- In Memoriam:Dr. James W. Scott
James "Jim" W. Scott, (1925-2011) professor emeritus of geography at Western Washington University, died peacefully on July 20, 2011, in Bellingham, Washington. Born September 30, 1925, in Bootie, England, he received degrees in geography from Cambridge (St. Catherine's College) and Indiana University before obtaining an appointment as assistant professor at Western Washington State College in the fall of 1966. He completed his doctoral dissertation on The Metalliferous Mining and Smelting Industries of the British Isles, 1540-1640, but soon shifted his research interest from Tudor and Stuart Britain to focus on the pioneer settlement and economic development of the Pacific Northwest in the nineteenth and early twentieth centuries. His professional publications included the Social Science Resource Handbook (co-authored by Raymond G. McInnis), Historical Atlas of Washington (Larry Delorme, co-author), Whatcom County Maps, 1832-1937 and Early Industries of Bellingham Bay and Whatcom County with Daniel D. Turbeville; and Washington: A Centennial Atlas—Western's principal contribution to the state centennial and for which he was awarded the Governor's Writer's Award in 1991.
In 1971, together with colleagues from the History Department, and with support from university administration, Dr. Scott founded the Center for Pacific Northwest Studies. He became its first director and remained as director until his retirement in 1993, collecting and preserving important archival collections documenting the history of the Northwest and publishing a series of occasional papers on a variety of historical, economic, political, and literacy topics of the region. Among his most notable contributions was his long-term membership (1977-1993) on the Washington State Historical Records Advisory Board. He also served on the Washington Task Force on Newspaper Preservation and the Washington Resource Planning Advisory Board.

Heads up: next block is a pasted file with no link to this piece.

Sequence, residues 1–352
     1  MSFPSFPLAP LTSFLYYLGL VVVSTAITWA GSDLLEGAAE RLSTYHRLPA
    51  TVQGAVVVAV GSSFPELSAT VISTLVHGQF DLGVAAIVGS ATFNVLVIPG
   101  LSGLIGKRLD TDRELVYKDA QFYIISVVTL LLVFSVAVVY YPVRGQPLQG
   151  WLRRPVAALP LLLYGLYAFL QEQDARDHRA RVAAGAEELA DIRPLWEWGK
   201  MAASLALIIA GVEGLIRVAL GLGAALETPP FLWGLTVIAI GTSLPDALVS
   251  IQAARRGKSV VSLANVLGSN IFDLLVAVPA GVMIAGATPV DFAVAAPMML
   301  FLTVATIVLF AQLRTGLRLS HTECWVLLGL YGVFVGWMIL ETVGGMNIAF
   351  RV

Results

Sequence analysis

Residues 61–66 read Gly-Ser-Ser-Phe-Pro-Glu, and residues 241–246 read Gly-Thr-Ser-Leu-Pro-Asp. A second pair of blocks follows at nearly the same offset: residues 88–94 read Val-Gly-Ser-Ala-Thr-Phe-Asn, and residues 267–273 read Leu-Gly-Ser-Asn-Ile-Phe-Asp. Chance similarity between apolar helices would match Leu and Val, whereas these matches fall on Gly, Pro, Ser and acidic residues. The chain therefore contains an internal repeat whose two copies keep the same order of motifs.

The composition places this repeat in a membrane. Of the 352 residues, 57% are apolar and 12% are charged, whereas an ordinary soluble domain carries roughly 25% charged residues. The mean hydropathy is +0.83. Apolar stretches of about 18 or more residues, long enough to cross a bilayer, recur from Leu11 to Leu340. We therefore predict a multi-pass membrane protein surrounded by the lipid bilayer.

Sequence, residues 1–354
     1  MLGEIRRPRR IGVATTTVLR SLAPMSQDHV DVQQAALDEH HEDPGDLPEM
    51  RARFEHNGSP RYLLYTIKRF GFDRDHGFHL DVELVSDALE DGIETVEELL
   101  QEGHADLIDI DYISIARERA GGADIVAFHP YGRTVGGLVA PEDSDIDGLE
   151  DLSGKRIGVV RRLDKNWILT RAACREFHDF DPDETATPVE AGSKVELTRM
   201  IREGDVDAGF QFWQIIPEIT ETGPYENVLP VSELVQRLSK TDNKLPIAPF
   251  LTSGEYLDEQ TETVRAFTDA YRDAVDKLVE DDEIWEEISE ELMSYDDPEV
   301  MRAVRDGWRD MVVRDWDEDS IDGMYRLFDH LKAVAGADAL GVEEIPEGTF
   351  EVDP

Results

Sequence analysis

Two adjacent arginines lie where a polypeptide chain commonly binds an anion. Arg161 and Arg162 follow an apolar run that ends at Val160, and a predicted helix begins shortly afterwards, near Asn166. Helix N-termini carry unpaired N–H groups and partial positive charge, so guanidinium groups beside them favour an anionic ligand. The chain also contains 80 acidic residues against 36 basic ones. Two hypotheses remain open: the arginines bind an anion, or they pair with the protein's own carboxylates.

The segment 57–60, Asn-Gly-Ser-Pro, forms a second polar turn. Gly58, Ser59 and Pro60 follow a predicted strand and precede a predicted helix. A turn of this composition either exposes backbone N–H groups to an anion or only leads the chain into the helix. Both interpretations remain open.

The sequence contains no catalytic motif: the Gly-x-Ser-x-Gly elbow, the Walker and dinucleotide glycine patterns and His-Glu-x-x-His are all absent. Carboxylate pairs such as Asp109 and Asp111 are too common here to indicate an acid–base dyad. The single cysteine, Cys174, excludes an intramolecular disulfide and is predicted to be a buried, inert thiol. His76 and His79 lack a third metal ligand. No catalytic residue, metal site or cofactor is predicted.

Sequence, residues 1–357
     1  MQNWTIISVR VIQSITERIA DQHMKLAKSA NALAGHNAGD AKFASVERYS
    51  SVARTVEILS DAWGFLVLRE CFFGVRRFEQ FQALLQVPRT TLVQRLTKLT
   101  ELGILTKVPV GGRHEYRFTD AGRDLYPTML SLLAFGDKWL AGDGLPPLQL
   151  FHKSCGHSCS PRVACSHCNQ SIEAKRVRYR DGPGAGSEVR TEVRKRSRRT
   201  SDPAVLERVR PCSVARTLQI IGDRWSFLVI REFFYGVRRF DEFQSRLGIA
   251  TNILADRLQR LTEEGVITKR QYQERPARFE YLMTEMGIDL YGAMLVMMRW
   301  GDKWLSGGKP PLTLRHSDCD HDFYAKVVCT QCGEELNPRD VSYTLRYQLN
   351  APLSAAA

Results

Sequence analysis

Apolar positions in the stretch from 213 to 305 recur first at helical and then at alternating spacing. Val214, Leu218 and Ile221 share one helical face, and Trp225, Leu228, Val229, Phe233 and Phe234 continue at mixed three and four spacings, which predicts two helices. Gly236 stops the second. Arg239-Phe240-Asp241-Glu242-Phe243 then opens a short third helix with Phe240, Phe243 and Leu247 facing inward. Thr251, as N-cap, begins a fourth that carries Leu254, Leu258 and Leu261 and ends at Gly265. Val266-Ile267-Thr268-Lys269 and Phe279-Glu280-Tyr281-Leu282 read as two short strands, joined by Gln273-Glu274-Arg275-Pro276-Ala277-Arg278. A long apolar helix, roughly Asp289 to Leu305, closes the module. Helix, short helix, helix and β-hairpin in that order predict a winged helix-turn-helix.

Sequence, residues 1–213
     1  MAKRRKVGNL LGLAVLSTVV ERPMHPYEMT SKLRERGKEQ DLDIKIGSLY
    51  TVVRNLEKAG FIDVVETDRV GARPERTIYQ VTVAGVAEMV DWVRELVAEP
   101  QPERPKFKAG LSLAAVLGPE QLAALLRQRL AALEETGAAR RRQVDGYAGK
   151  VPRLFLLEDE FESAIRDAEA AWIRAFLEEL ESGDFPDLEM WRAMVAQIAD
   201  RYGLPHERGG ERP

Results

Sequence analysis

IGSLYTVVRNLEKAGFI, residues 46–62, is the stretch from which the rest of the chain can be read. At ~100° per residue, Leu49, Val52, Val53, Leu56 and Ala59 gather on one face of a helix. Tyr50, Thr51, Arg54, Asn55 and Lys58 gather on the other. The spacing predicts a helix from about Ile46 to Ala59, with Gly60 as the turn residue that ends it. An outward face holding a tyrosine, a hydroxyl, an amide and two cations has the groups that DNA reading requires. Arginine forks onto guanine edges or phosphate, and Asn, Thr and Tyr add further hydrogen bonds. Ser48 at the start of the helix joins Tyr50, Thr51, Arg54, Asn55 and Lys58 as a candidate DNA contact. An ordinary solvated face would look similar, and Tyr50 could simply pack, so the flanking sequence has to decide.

Professionally, Dr. Scott served as the editor of the Yearbook of the Association of Pacific Coast Geographers from 1980 to 1987, archivist for the association from 1981 to 1995, and as its president in 1992-93. He continued attending the APCG annual meeting long after his retirement from teaching [End Page 141] and was deeply gratified at receiving the association's Distinguished Service Award at the 1999 meeting in Reno. He was also founding member of both the Association of Washington Geographers and Northwest Archivists.
In the final days of his life, Dr. Scott relayed to those closest to him that he felt his greatest achievement and source of deepest satisfaction was his commitment to the education and development of his students. His involvement and dedication to teaching took on many manifestations, including advising graduate student research, serving on thesis committees, directing numerous field camps and conference proceedings. The reward: a career encouraging and guiding the intellectual and personal development of his students. The bonds that he formed with his students at Western lasted long after students graduated and his retirement began. He was a scholar, teacher, mentor, and friend. An individual of his generosity and caliber is incredibly rare. He will be missed! [End Page 142]